I was also hired onto a team of amazing people in September. Boys and Girls Club hired me as a part time Youth Development Professional, which is one of the best things I have going on right now. I work in a middle school alongside three AMAZING coworkers who have more or less turned into family. They have been my rock, and always support me. I couldn’t be more thankful for the opportunities I’ve been given through Boys and Girls Club. I get experience with the age group I want to teach, and I’ve gotten to work in so many different schools. The children I work with give me so much inspiration and even directly motivate me to do great things.
I chose to attend community college for the first two years because it would be completely paid for. It was the smartest option for me financially, and it also allowed me to keep in touch with friends and family easily. Fall semester was full of headaches. Well, technically only one class was, but it was such a huge headache that it carried over to my other classes. But I loved every bit of my first semester. It was challenging at times, but it kept me excited to learn new things. After four years of high school where most things felt like review and repetition, college introduced me to hardcore learning. I read my textbooks all the time, took notes any chance I got, and studied my ass off (except for in the headache class. Fuck that class).
By being home, I was able to support my younger sister in marching band in the fall. Even when I was a cheerleader, I was able to sit in the stands at halftime to watch her perform. But it felt different this year. It was awesome getting to watch games in the stands instead of cheering on the sidelines. It was a whole other world to me, which was sometimes upsetting. I missed cheering with my girls. But I still came to every game I could to cheer on my Alma Mater, as well as my best friend. Yeah, so let me introduce some of you to him.
This is Zach, my boyfriend.
He moved to my school in January as a junior, and I absolutely hated him. He seemed to push buttons that I didn’t even know I had. But I eventually grew to love him. He was super funny, even though most of the time I laughed at him rather than with him. We became best friends within a few months, along with some of our Speech classmates. We later deemed ourselves the “Speech Squad.”
After graduation, we drifted apart for a bit. I still supported him as a friend, but we just didn’t communicate as much as we used to. But as football season approached and I remembered he was playing Varsity, I decided to cheer him on alongside some of my best friends. We jokingly made Z-A-C-H shirts that we would occasionally wear to games to be those people. He seemed to enjoy it so we kept it up.
Towards the end of the season, Zach and I had completely reconnected and somehow admitted that we were attracted to each other. It was something I had kept a secret for months. But after admitting it, we both felt like we had stepped in the right direction. Although this decision came with some pretty brutal consequences amongst our friend group, we began dating. Now we are two months in, and I couldn’t be happier. He is definitely my favorite part of 2017, and the number one reason I refuse to spit on the year and all it did for me. I am absolutely in love with him.
Now, to conclude this homage, I would like to address those who despised their year. Whether you had the best or worst year yet, it changed you. It shaped who you are now. And that is something that we all must take into account.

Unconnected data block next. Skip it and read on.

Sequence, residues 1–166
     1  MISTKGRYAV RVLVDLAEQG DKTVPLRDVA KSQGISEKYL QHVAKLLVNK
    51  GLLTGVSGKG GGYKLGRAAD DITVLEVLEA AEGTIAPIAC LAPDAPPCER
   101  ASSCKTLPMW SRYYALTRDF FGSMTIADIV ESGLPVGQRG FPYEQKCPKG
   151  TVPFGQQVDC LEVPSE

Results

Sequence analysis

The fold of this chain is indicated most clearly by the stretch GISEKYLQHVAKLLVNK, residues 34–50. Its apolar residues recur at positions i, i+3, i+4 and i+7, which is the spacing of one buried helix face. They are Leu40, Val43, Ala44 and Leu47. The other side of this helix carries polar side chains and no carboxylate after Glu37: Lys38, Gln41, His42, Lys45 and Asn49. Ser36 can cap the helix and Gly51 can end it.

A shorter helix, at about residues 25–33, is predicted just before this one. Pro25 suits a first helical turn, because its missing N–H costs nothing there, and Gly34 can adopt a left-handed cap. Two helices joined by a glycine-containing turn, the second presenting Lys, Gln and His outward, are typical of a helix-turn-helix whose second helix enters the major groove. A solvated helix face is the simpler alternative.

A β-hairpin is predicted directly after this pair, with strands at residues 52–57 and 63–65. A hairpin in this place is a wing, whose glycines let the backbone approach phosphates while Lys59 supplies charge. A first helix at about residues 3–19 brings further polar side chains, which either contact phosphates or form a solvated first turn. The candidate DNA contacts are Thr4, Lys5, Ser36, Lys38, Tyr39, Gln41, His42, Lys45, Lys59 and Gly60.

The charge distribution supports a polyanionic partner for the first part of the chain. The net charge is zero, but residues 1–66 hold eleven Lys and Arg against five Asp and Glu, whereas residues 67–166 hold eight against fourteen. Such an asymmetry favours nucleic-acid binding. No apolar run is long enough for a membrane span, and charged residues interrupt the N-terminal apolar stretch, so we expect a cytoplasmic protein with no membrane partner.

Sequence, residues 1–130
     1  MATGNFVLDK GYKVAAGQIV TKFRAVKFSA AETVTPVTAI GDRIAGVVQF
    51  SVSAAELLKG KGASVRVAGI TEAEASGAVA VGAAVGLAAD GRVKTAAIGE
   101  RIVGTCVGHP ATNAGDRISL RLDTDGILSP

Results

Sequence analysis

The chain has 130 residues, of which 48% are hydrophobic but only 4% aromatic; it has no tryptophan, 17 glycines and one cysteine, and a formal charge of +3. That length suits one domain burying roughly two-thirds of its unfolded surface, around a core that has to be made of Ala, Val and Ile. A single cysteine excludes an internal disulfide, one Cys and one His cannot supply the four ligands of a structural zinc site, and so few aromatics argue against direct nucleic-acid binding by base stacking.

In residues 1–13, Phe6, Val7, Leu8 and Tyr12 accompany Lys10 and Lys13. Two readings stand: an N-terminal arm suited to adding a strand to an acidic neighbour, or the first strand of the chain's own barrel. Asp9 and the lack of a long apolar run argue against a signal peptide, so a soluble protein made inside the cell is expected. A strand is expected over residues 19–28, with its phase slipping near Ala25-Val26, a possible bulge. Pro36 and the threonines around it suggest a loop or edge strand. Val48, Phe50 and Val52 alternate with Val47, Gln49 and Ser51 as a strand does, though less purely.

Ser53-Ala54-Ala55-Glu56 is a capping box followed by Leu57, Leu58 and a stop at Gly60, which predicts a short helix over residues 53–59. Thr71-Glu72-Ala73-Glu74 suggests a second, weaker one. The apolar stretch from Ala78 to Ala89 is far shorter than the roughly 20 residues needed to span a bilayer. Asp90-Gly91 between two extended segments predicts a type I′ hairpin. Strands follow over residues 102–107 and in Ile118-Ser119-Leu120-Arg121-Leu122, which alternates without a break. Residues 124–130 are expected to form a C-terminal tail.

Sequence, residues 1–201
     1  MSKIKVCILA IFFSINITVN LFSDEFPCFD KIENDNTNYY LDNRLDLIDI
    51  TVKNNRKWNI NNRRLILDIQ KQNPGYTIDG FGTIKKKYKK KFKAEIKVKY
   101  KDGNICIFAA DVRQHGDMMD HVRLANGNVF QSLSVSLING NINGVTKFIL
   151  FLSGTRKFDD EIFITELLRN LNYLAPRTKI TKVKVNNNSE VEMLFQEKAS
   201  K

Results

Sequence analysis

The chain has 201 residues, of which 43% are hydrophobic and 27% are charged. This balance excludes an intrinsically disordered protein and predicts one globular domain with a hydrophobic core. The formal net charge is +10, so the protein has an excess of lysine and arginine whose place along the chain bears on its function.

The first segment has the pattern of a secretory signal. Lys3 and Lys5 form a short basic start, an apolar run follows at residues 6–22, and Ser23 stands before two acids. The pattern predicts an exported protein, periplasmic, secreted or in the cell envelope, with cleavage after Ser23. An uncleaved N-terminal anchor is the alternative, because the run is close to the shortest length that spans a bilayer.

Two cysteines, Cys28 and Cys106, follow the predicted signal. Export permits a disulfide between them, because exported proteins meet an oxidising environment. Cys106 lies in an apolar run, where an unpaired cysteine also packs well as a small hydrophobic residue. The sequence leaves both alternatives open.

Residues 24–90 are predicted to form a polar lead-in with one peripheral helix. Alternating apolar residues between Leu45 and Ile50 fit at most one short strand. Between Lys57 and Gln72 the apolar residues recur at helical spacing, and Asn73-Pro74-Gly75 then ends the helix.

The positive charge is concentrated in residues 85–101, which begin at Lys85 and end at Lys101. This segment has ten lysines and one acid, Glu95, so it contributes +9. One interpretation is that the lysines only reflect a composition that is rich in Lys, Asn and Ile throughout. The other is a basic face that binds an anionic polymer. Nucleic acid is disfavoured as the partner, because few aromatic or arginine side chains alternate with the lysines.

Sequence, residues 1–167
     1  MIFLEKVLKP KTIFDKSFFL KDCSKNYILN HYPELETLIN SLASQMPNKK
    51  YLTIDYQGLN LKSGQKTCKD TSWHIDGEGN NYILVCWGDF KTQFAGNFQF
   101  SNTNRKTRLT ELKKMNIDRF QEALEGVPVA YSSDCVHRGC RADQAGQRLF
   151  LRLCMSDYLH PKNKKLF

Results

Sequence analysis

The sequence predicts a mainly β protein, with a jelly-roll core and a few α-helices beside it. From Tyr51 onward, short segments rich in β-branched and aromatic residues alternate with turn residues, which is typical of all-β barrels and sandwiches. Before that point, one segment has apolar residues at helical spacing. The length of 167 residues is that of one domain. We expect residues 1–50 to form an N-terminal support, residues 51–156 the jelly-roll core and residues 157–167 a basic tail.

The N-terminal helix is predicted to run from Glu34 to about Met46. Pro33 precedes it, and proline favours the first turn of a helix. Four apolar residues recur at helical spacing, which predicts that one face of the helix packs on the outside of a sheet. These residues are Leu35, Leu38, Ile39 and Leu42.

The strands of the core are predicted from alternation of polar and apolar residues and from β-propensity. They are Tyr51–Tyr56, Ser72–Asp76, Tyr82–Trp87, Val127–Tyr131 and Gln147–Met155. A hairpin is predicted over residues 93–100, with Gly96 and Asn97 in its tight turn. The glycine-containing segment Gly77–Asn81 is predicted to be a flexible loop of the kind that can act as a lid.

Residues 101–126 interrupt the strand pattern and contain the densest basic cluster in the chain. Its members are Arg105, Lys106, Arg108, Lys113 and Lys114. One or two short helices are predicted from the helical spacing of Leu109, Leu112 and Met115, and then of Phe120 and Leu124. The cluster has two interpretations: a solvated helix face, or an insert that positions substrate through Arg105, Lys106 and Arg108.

2017, thank you for all you did for me this year.
2018, you’ve got some competition.
Posted on July 19, 2016
So many people grow up thinking that they’re invincible, including myself. This was proven wrong two months ago when I lost my best
friend to suicide. This event taught me that I was not as strong as I had once believed. However, I believe that strength comes in different forms. When the death of a loved one forces you to face the days without them for the rest of your life, that is strength.
I cannot pretend that I knew what strength was before I met Josh. He taught me all I needed to know. I consider that his going away present. When I was going through the hardest patches of my life, he was by my side every step of the way. He held my hand through the bullying, negativity, and overwhelming downfall. I could never thank him enough for that, although he knows I tried. He would send me messages on Twitter about how great of a person I was and how beautiful he thought I was. Little things like that helped me keep my head up. To this day, I read those old messages and sometimes I even write him. I always think that maybe there’s wi-fi up in heaven and he can read my messages.
“You are never alone.” Josh Byers
After losing my best friend, I was instantly introduced to the love and support of the community. I received phone calls, cards, and donations for the family. All of which were beyond comforting to me. When I saw the community come together to mourn the loss of a great soul, I realized that I am never alone. Nobody is. Everybody holds each other’s hands in times of trouble, and gives hope to those without it. I’d like to take this moment to thank everybody who contributed to the family and friends of Josh with monetary donations and/or well wishes.
“It only takes one shattering event of sufficient magnitude to change one’s core beliefs about life.”
Losing Josh was one of the hardest things that I ever had to go through. My emotions were sent into a whirlwind and I couldn’t think straight. What happened to invincibility? I had to remind myself that all good things come to an end, although for the longest time I didn’t want to accept that this was the end. I stayed up late at night and wondered what I could have done differently. Just as you’d expect, blaming myself and others came with no positive results. As time went on, I began accepting what had happened, and I looked at everything differently. I decided that we are, in fact, here for a reason. In some cases we may be unaware of our reason, as Josh was. However, there is a reason for each individual life on Earth. I also learned that every day is a gift. We never know when it all may come to an end, so we should be grateful for all that we have. I, for one, am grateful for the amazing friend that I found in Josh.
“A person never truly gets ‘over’ a suicide loss. You get through it. Day by day. Sometimes it’s moment by moment.” Holly Kohler
In Loving Memory of
Joshua Russell Byers
October 8, 1998 – May 19, 2016